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Electronic privacy? There's no such thing

You will never be secure if you labor under the delusion of privacy

By Ira Winkler
October 28, 2013 09:33 AM ET

Computerworld - Most people suffer from the delusion of privacy. They think it can be guaranteed somehow for their various electronic gadgets. But that is a delusion, and sadly even many in the information security field don't know it. Still, it's surprising how strong the desire to believe otherwise is, and how tech companies will sometimes try to feed that illusion.

Take the news that the encryption in Apple's iMessage can potentially be cracked. I was surprised, but not because the encryption could be cracked. That's a given, no matter the encryption algorithm. I was surprised because I didn't know that iMessage used point-to-point encryption. I just assumed that Apple could always read my messages. Call me uninformed for having missed that news, but what I think is that I was actually better informed than those people who saw Apple's promise that it couldn't decrypt iMessage traffic and let the delusion of privacy lull them into thinking that was really true. Believe me, we'd all be better off if we just acted on the theory that there is likely to be a back door every time.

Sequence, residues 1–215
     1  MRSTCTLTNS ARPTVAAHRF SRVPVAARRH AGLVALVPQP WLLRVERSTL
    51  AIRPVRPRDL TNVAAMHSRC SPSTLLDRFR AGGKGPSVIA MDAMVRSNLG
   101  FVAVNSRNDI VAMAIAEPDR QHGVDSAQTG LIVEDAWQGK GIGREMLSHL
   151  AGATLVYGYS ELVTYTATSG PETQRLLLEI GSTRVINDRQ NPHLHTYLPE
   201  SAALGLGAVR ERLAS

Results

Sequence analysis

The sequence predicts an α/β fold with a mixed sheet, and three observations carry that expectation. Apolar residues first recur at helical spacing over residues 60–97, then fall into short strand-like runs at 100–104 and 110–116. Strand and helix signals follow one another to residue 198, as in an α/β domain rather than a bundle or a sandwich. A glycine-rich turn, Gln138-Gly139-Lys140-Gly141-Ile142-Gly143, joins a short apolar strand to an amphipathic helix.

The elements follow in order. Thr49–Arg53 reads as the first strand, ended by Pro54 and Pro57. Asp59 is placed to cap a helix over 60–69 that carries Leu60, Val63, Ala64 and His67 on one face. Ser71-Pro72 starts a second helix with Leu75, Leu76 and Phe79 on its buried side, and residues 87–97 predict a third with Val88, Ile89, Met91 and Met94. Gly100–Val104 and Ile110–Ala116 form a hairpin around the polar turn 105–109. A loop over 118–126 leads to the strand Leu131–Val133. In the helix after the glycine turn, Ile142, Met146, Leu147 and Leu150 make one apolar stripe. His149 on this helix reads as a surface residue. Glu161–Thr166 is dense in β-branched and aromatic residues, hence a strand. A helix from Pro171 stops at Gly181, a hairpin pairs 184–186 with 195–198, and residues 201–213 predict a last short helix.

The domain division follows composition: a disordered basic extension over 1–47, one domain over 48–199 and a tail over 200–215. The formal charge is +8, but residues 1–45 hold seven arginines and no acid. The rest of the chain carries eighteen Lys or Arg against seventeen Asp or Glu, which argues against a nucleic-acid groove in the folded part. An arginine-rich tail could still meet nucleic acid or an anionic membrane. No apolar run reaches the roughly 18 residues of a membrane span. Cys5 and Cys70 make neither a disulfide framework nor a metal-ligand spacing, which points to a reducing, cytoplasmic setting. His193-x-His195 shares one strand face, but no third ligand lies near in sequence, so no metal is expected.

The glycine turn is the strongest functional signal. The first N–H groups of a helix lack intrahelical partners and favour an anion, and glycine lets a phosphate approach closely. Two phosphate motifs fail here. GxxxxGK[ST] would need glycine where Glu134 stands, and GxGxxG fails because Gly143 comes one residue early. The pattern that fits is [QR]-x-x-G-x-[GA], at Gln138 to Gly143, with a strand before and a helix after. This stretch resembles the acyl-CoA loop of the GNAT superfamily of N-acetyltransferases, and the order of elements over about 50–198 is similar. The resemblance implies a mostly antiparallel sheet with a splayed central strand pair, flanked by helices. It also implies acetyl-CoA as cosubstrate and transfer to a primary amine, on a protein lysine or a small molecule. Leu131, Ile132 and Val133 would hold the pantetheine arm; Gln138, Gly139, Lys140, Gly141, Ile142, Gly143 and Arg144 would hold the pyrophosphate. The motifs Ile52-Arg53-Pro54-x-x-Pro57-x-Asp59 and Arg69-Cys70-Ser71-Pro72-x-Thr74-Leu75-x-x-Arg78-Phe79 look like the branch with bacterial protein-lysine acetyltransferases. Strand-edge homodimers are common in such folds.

Don't get me wrong. The fact that iMessage uses encryption is refreshing. Such encryption will do a lot to protect most of us in most of what we do (but more on that later). What is not refreshing is that Apple at best implied and at worst misrepresented that its encryption was uncrackable. Any computer professional in this day and age who thinks that any form of electronic communications is completely secure really doesn't know his profession.

OK, I used to work at the National Security Agency, where I was taught that there is no such thing as unbreakable encryption -- just encryption that is strong enough. We used a relatively easy-to-describe formula based on how long information needed to be kept secret. For most time periods, you could come up with an encryption method and algorithm that (supposedly) couldn't be broken for that amount of time.

Using that rule of thumb, you could use relatively weak encryption for plans for a military battle that would happen within a week, but encrypting satellite communications would be trickier, and a lot chancier. After all, a satellite has a long lifespan, and meanwhile down on Earth, there will be exponential computing advances making it easier to break any encryption algorithm used. Complicating things, a satellite's hardware couldn't be replaced (unlike, say, the gear for naval communications). You would have to use encryption that is well beyond what is considered state of the art. But the NSA would never tell itself that the advanced encryption had solved the problem and guaranteed that the communications would be secure. It realizes that even state-of-the-art encryption will inevitably be broken. You just had to hope that, by the time it was broken, nobody would care about the underlying data.



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